Our Cars: Nissan Leaf Tekna

3 January 2019: Nissan Leaf vs Rivals

The Details

Current mileage 8201
Claimed range 168
Actual range 110

If you’re after an all-electric family car in 2019, you’ve got plenty of choice. The Jaguar i-Pace, Kia e-Niro, Hyundai Kona Electric, Tesla Model S, Audi e-tron, and the Volkswagen e-Golf are all ready to give the Nissan Leaf a run for its money.

We can’t help but think the Leaf rested on its laurels a bit while it had the sector to itself. Certainly the Volkswagen e-Golf that we had on long-term test last year was the better car. Every family is different, though, and we found it hard going getting the kids and their associated paraphernalia in the Golf. 

We’ve already reviewed the offerings from Kia and Hyundai and given them glowing reviews. HJ called the e-Niro a ‘gamechanger’ while new cars editor Andrew Brady felt confident that the Kona addressed the main stumbling blocks of EV ownership, namely list price and battery range. Oh, and both models proved fun and engaging to drive.

For a car company that gave us the GTR and has been at the forefront of EVs for the past five years, we’re a little shocked. Nissan often tell us that the Leaf is the world’s best-selling electric vehicle… but perhaps a lot of that is to do with the fact that it’s the only EV that’s affordable and in mainstream production. It’ll be interesting to see if smaller manufacturers like Kia and Hyundai can meet consumer demand, especially as the Kona electric has sold out for 2019.

Nissan _LEAF_039

But while the Leaf could be better, there are plenty of things it does well. Unlike the Golf, for example, there’s a light when you pop the plug-in flap, which makes ‘filling up’ at night much easier. And then there’s the seats. Developed with the help of NASA (we’re not even joking), the zero gravity seat takes its name from the neutral position our spines assume in… yep, you guessed it... zero gravity. Consequently, the Leaf’s seats give continuous support – across 14 different points along your back. The results? A mighty comfortable ride.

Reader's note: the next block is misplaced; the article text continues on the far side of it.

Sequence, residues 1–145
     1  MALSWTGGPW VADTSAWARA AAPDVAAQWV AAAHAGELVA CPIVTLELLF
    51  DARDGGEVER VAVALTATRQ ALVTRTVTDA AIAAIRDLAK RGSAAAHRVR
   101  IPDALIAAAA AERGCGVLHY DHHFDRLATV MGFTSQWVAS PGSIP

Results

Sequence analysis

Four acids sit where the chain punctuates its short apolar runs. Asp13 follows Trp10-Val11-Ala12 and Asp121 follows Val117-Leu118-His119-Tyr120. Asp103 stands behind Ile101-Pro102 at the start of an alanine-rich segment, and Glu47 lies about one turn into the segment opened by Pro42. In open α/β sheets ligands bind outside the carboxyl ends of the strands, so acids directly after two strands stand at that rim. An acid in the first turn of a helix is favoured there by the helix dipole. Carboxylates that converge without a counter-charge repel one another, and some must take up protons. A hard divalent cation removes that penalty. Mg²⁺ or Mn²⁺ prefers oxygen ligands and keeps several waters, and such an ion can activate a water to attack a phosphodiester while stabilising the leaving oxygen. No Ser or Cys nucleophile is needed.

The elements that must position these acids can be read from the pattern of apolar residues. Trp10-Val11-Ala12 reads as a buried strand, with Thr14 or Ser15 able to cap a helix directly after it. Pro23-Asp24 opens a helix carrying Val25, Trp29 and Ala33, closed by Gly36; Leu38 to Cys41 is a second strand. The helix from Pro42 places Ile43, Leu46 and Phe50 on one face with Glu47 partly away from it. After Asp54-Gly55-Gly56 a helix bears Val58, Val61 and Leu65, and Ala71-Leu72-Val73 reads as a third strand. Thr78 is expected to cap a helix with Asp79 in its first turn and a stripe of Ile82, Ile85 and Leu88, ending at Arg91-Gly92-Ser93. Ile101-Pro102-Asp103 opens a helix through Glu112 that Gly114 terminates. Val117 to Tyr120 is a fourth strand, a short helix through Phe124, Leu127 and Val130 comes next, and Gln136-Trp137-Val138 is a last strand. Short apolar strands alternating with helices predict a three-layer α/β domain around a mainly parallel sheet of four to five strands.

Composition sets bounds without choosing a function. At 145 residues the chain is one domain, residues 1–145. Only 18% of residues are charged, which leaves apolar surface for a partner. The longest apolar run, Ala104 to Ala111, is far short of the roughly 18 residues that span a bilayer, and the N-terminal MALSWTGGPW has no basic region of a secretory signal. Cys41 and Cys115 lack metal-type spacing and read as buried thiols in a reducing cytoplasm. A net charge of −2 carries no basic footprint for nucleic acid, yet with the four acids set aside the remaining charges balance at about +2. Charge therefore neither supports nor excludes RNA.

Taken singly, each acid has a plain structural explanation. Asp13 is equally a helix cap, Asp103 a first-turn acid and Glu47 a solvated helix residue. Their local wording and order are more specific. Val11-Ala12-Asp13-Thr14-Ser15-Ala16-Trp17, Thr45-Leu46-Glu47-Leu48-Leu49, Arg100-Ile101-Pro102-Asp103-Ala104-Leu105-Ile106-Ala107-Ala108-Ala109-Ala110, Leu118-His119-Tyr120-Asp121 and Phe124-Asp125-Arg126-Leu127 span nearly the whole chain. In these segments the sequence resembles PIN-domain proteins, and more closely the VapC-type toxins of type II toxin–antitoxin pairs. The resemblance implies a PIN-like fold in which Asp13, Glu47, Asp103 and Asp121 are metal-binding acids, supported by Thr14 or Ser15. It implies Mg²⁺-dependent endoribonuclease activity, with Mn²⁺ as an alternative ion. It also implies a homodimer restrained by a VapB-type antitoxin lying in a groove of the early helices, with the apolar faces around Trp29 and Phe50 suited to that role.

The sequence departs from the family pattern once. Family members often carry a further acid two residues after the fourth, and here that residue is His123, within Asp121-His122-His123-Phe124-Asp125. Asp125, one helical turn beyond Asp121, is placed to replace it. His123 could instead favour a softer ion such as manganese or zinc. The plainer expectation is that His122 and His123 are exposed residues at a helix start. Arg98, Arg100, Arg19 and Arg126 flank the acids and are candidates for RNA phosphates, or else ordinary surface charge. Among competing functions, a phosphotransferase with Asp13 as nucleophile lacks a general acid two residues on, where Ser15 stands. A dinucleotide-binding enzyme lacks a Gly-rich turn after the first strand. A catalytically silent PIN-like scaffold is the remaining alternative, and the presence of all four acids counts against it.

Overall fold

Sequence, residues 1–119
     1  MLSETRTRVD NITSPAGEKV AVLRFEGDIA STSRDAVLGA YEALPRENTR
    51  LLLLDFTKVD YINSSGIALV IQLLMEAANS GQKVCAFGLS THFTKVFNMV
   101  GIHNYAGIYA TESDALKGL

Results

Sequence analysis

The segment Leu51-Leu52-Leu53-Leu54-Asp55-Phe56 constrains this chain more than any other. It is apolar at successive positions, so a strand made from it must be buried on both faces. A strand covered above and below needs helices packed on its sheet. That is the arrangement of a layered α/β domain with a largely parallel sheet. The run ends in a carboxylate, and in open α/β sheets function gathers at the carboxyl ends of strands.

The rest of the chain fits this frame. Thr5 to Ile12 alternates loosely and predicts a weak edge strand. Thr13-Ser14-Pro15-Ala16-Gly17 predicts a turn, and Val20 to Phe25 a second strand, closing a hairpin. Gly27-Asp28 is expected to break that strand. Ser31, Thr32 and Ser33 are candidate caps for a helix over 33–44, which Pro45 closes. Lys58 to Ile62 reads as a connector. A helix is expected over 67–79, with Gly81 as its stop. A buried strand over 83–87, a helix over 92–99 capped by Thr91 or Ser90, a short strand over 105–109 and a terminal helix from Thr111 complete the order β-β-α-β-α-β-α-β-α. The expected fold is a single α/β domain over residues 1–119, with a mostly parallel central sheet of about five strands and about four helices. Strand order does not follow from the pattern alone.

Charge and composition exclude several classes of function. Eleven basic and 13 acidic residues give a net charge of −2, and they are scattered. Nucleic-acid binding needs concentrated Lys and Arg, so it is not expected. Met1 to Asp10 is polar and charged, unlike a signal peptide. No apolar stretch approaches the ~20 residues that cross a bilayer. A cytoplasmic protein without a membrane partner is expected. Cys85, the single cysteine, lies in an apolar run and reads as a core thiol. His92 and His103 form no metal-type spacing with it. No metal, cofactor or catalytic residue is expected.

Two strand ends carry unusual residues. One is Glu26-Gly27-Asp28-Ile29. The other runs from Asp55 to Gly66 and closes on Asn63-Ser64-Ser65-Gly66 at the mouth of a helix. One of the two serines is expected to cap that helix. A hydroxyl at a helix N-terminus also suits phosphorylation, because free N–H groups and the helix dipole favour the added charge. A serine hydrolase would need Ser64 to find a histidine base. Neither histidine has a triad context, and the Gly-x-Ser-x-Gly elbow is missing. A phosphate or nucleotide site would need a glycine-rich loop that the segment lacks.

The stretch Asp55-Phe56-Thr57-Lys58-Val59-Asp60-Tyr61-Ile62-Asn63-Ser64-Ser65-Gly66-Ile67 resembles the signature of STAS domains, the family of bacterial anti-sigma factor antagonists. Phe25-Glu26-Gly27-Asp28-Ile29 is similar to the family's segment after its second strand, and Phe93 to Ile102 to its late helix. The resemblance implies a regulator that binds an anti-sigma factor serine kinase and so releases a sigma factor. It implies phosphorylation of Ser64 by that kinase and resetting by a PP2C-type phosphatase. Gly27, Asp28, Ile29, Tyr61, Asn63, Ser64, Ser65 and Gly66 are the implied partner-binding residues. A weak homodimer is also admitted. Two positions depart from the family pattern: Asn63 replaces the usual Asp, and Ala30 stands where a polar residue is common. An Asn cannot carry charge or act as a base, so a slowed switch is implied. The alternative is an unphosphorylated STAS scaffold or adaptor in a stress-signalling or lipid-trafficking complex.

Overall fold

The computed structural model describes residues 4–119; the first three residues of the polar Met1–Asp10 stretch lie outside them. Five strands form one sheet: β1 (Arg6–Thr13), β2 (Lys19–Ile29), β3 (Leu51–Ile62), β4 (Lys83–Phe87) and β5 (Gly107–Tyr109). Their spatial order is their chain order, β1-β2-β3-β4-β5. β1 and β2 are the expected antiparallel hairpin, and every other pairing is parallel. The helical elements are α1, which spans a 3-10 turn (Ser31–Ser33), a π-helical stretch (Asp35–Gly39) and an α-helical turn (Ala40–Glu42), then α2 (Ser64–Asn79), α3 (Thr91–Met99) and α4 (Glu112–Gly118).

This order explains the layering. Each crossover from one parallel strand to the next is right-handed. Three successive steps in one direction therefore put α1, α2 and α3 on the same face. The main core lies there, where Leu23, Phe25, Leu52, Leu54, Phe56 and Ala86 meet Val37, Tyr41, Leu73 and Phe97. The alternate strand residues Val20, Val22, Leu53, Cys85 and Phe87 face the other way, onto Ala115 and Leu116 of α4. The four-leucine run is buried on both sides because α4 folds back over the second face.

We’d like to have seen a bit more of this ergonomic mindset applied to the interior. Our first impressions of being behind the wheel are that there a lot of buttons. Buttons for steering assist, eco mode, heated seats, heated wheel, charge timer (on/off), charge flap, audio, media, nav… and that’s before you include all the buttons on the wheel.

And the infotainment system can be a bit clunky compared to, say, the slick system of the Volkswagen Group. Over time, we’ve got used to all the buttons and have settle into the groove of using Apple CarPlay, rather than the inbuilt system.

One niggle we’ve noticed is the dash display, which doesn’t seem to remember how you set it (not that there’s that much you can do with it). But what is frustrating is that every time you engage cruise control it uses that screen as its current setting. Not too bad, I guess, but our personal preference is to have the speed displayed as a digital read out because getting comfortable means the steering wheel is low down and obscures the needle on the speedo.

« Earlier: How much does winter hurt in an electric vehicle?     Later: What is the real world range of the Nissan Leaf? »

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